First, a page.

Try to keep weight, shape, and size out of the conversation, whether positive or negative commentary. Applauding a teen for losing weight can be just as harmful as chastising a teen for gaining weight. Avoid associating your teen’s weight or eating habits with personality traits and celebrate their strengths regardless of body size. If you want to empower your teen to be healthier, emphasize health, not appearance. Also, try to set a positive example. Do not limit any foods or food groups from your own intake (unless you have an allergy or intolerance) or follow a “fad diet”. This helps to promote a positive food environment. Research repeatedly shows that going on a ‘diet’ not only does not work for weight loss, often causing weight to actually increase over time, but is also harmful to a person’s mental health.

Instead of Saying This: Try something like this:
You need to lose weight in order to be healthy.  I am concerned about your health and would like to talk about steps we can take as a family to be healthier.
You should go on a diet. You should enjoy all foods but if you’re interested in learning more about healthy eating we could talk to your doctor about meeting with a Registered Dietitian.
You should eat less. I am concerned that you seem to be eating past the point of fullness or for a reason other than hunger, would you like me to help you find someone to talk about your feelings and emotions?
You eat too many bad foods. Let’s make sure we have some treat foods in the house so you don’t feel like you have to sneak around when eating. Can we find some items we agree on to add to the shopping list?
Don’t you think you’ve had enough to eat? Now that dinner is over would you like to play a game or go for a walk with me?
If you keep eating like that you will get diabetes. Based on the doctor’s recommendation I thought we’d try some new foods as a family, would you like to help pick some recipes?
I’m being bad and cheating today by eating this delicious food. I enjoy the taste of this food, it reminds me of a time when…
You are not eating enough. Let’s enjoy dinner together tonight.
Wow, have you lost weight? You look amazing! How are you feeling today?
You look like you’ve gained weight. How are you feeling today?
You need to exercise more to lose weight. I feel strong and healthy after moving my body, would you like to do some activity together or find a sport or exercise that you like to do on your own?
Let’s try to burn off the calories from this food by exercising Let’s move our bodies in a way that we enjoy today as act of self-care.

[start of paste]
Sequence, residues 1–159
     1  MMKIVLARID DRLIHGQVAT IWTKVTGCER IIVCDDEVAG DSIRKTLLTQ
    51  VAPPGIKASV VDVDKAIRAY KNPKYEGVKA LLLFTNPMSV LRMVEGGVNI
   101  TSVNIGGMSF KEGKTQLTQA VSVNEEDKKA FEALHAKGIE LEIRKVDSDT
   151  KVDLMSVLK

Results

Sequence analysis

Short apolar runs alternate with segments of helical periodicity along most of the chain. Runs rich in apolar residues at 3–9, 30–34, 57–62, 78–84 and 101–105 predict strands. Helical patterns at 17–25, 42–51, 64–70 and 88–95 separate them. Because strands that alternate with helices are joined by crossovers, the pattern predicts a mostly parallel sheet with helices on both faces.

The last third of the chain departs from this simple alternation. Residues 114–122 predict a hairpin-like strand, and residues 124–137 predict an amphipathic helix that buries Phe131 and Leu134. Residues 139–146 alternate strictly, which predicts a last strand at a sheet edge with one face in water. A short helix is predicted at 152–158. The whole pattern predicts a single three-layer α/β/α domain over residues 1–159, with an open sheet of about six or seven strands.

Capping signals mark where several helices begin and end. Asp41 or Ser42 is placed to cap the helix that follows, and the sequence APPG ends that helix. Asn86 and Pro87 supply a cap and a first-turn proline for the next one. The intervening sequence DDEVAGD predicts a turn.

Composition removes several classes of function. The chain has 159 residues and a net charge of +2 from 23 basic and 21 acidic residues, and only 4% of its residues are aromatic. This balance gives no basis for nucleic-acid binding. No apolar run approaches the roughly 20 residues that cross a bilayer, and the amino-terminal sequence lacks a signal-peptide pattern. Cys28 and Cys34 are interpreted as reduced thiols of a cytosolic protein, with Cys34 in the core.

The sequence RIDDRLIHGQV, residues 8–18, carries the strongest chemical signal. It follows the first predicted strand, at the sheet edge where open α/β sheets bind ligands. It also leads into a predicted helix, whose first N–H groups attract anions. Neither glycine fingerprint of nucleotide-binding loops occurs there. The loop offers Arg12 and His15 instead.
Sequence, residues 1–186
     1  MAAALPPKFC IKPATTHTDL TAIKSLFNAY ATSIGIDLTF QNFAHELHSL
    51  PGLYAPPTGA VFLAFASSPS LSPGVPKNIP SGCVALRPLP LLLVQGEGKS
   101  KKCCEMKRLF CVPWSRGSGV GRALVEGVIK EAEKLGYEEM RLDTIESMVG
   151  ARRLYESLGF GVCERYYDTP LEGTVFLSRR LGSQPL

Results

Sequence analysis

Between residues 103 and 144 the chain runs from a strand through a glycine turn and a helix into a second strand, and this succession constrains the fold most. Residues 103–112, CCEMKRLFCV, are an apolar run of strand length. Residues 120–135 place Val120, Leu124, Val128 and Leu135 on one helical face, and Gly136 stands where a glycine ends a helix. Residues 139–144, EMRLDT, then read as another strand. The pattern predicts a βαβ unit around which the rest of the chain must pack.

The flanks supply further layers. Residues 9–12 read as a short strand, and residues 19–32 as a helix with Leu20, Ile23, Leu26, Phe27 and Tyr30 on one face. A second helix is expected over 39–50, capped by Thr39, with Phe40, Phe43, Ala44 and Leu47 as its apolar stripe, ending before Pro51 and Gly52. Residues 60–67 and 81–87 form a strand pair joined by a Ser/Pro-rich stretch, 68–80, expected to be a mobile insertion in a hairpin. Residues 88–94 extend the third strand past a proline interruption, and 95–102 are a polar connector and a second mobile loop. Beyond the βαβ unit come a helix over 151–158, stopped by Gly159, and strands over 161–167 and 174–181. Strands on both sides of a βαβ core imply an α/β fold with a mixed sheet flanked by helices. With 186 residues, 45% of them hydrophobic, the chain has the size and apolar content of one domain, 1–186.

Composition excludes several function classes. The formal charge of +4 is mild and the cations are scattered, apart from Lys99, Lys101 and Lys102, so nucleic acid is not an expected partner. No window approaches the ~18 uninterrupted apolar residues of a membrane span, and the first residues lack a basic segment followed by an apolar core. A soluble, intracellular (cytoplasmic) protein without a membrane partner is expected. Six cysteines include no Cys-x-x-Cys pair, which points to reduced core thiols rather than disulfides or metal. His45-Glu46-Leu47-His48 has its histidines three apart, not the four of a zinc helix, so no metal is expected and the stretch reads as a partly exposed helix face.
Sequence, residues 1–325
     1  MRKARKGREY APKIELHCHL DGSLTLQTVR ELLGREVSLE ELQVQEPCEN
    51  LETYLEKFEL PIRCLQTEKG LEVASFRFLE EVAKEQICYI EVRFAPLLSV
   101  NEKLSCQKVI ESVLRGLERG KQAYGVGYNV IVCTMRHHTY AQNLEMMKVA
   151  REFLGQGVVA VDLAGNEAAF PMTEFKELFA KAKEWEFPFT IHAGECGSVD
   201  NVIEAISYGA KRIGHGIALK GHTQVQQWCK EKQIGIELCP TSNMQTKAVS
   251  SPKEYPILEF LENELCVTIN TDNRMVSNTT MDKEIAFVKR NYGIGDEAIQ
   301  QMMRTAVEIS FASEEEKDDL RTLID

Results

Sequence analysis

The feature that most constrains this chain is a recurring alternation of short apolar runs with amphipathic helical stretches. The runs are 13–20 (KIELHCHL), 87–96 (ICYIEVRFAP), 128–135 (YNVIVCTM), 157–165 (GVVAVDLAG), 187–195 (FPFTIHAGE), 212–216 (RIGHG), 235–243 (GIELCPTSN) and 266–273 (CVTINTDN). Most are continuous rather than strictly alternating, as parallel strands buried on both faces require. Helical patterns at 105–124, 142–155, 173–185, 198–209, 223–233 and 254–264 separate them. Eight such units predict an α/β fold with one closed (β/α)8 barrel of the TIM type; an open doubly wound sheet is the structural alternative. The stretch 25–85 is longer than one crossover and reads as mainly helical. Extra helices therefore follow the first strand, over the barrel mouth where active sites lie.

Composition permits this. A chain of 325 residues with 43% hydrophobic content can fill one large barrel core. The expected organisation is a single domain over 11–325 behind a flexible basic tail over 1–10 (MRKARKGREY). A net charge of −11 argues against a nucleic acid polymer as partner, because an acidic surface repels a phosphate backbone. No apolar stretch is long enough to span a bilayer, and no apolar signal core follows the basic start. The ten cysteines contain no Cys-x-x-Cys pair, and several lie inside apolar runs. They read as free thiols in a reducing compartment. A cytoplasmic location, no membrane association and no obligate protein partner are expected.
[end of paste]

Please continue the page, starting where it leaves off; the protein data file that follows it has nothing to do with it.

What if my child wants to lose weight and asks me how to do so?

 It is great your child feels comfortable coming to you with their concern. This question may come up for many reasons and is important to address because of the potentially harmful outcomes. If your child asks you about weight loss, turn this question into a conversation about how your child feels about their weight and health. You can dig deeper into this question by asking why your teen wants to lose weight. For example, are they being teased about their weight? If so, isn’t the person doing the teasing (not your child’s body) the one in the wrong? Did they watch something that made them feel like they had to lose weight? Are they feeling nervous about a specific future disease?

Defining health with your teen can be helpful, reminding them that “health” is not synonymous with weight. Discuss healthy habits you can adopt together, such as grocery shopping, finding new recipes, cooking or finding exercise that is enjoyable. Do not put your teen on a diet or suggest they monitor themselves using a scale. Avoid comparing your teen to others, especially siblings. Remember, everyone is different, even those in the same family.

As a parent, you have the opportunity to model a healthy relationship with body image for your teen. Model eating a variety of foods, body acceptance, self-care and self-compassion when possible. Furthermore, pay attention to how you comment about others in front of your teen and stand up for your child if they are being teased about their weight. Reach out to your child’s Doctor or a Registered Dietitian if you would like additional resources and support.